Obverse: Coelacanth fish;
Reverse: Man in a catamaran boat;
Watermark: BCC Bank logo.
*winner of IBNS 2006 “Bank Note of 2006” award
Taken from IBNS:
Banque Centrale des Comores – 1000 Franc note
The International Bank Note Society (IBNS) is proud to announce the winner of the IBNS Bank Note of 2006, awarded to the finest banknote issued in 2006. This year’s award goes to the 1,000-franc note issued by the Banque Centrale des Comores, the central bank of the Comoros, an archipelago located between Madagascar and the east coast of southern Africa. Commendations go to the 10,000-tenge note from Kazakhstan and 100-dollar note from the Solomon Islands.
The IBNS Bank Note of the Year is awarded to the banknote which, in the eyes of the judges, has a high level of artistic merit, an imaginative design, and features that present the best of modern security printing (taking into account the value of the note). The Comoran 1,000-franc note impressed the judges with innovative design, well-balanced color, and sensible use of modern security features.
The front of the 1,000-franc note is dominated by a coelacanth, a pre-historic fish long thought to be extinct, that was found living in the waters off the Comoros in recent years. Its discovery put the Comoros at the centre of the scientific world for a short time and remains one of the small country’s claims to fame. Below the piscine curiosity is an aerial view of several islands that make up the country. Predominantly blue, there are red and green elements to the design on the front of the note.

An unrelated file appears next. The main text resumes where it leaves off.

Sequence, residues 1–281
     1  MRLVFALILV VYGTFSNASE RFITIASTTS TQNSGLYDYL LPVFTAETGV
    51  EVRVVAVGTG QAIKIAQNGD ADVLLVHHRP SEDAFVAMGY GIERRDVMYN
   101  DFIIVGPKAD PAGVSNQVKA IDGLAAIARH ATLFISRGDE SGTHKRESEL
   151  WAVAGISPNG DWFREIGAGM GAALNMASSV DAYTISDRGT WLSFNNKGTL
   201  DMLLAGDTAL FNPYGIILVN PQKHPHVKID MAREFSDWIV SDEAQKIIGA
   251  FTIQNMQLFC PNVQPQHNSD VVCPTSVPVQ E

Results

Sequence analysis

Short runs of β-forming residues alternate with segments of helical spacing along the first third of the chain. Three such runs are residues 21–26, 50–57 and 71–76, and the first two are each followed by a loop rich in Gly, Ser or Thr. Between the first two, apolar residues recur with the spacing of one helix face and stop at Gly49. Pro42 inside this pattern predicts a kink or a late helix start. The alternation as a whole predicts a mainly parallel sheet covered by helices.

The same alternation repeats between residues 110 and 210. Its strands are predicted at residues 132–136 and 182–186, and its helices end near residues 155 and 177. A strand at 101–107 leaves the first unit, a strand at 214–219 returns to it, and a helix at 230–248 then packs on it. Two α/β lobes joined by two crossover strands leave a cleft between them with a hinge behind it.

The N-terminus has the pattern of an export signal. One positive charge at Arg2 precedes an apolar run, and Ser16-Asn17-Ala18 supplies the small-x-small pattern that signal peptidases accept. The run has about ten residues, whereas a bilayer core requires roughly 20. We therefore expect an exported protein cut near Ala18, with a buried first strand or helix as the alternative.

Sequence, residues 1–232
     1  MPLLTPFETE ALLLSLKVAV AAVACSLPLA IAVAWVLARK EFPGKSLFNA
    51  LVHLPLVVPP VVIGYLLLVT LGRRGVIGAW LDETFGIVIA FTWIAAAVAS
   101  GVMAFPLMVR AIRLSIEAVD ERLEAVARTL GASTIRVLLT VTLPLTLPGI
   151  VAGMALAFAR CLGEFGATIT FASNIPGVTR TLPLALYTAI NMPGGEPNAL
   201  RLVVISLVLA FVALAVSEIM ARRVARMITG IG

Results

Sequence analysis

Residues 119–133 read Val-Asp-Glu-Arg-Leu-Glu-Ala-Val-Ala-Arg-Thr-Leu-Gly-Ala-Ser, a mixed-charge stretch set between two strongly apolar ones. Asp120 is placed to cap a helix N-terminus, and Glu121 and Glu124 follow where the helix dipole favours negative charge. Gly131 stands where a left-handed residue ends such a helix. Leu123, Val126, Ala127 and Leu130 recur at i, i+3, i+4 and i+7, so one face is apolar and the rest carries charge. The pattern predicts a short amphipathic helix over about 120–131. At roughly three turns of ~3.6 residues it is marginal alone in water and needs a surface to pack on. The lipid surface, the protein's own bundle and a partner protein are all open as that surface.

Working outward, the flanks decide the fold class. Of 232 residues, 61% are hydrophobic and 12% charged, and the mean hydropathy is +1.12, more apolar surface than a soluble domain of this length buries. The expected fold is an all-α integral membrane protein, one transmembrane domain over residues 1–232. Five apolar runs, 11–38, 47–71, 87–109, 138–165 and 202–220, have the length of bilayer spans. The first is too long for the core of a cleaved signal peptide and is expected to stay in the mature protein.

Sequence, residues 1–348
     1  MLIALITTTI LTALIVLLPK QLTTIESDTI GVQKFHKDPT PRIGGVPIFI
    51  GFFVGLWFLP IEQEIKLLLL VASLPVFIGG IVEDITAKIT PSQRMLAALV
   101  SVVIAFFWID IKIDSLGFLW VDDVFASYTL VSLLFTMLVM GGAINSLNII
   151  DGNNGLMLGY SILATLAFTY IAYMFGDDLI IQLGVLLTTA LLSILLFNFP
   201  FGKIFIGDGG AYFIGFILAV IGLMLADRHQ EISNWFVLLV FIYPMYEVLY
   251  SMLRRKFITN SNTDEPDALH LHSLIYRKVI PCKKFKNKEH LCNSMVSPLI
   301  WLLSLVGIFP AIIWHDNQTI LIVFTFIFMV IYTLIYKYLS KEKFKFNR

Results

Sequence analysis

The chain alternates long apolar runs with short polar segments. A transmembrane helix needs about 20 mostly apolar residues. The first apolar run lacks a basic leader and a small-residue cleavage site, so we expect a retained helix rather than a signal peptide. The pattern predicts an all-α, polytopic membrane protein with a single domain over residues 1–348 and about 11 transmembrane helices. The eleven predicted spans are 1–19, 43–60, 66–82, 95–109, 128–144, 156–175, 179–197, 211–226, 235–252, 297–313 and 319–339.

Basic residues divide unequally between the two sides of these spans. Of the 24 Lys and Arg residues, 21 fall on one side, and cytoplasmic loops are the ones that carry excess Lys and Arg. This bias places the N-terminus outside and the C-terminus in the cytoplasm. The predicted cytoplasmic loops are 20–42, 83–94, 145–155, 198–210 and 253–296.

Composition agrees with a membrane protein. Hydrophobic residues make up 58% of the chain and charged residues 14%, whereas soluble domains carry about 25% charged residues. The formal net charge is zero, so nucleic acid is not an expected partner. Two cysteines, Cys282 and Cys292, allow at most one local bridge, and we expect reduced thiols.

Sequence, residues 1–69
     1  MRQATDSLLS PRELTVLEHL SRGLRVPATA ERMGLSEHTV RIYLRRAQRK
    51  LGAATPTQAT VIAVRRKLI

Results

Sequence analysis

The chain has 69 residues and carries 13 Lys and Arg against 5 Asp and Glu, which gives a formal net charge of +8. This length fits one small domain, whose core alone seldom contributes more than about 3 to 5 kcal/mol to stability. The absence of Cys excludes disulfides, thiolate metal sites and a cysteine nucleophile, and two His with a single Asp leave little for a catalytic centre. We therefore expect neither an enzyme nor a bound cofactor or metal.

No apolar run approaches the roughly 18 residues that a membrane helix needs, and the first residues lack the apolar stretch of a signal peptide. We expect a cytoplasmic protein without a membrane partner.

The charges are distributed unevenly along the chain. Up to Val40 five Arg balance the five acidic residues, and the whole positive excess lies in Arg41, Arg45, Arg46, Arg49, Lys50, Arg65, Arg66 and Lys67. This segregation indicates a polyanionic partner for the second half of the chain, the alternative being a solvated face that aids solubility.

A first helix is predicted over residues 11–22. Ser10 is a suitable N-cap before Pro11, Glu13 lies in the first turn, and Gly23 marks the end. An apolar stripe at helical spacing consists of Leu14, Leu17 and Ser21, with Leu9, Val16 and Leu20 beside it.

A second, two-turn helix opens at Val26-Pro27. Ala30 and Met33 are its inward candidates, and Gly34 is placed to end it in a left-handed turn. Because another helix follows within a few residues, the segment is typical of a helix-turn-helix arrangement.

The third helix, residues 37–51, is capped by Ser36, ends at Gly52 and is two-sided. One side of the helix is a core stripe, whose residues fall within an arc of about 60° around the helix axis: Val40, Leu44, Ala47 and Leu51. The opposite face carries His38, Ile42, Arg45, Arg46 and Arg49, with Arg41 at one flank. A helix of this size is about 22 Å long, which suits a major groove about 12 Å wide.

Poetry is common to the entire series of notes to which the 1,000 franc belongs, with a verse appearing on the front and the back of each note. The verse on the front of the 1,000-franc note can be translated from French as:
From our feelings, what you expect I understood
For it is a love that is so absolutely exclusive
That, not to lose you, I hereby consent.
Truthfully, it will be a love
That our times have never seen.
Continued on the back of the note is a further verse which translates as:
I claim these different names which are ours
and if I speak the rainbow
It is to better greet our Indian Ocean sea-mother
whose waves of pleasures brings
to insularity abundance and joy
The final line below the verse identifies the author, Mab Elhad, and the book in which his verse appears: Kaulu la Mwando (meaning First Word in the Comoran language). The book was published in 2004 and the verses of the author, a Comoran policeman, celebrate his Comoran life and nationality.
The back of the award-winning note is dominated by a Comoran man in a canoe, surrounded by red and blue designs of differing character. While the name of the issuing authority is in Arabic on the back of the note, the warning to counterfeiters is in French (reflecting the nation’s French past).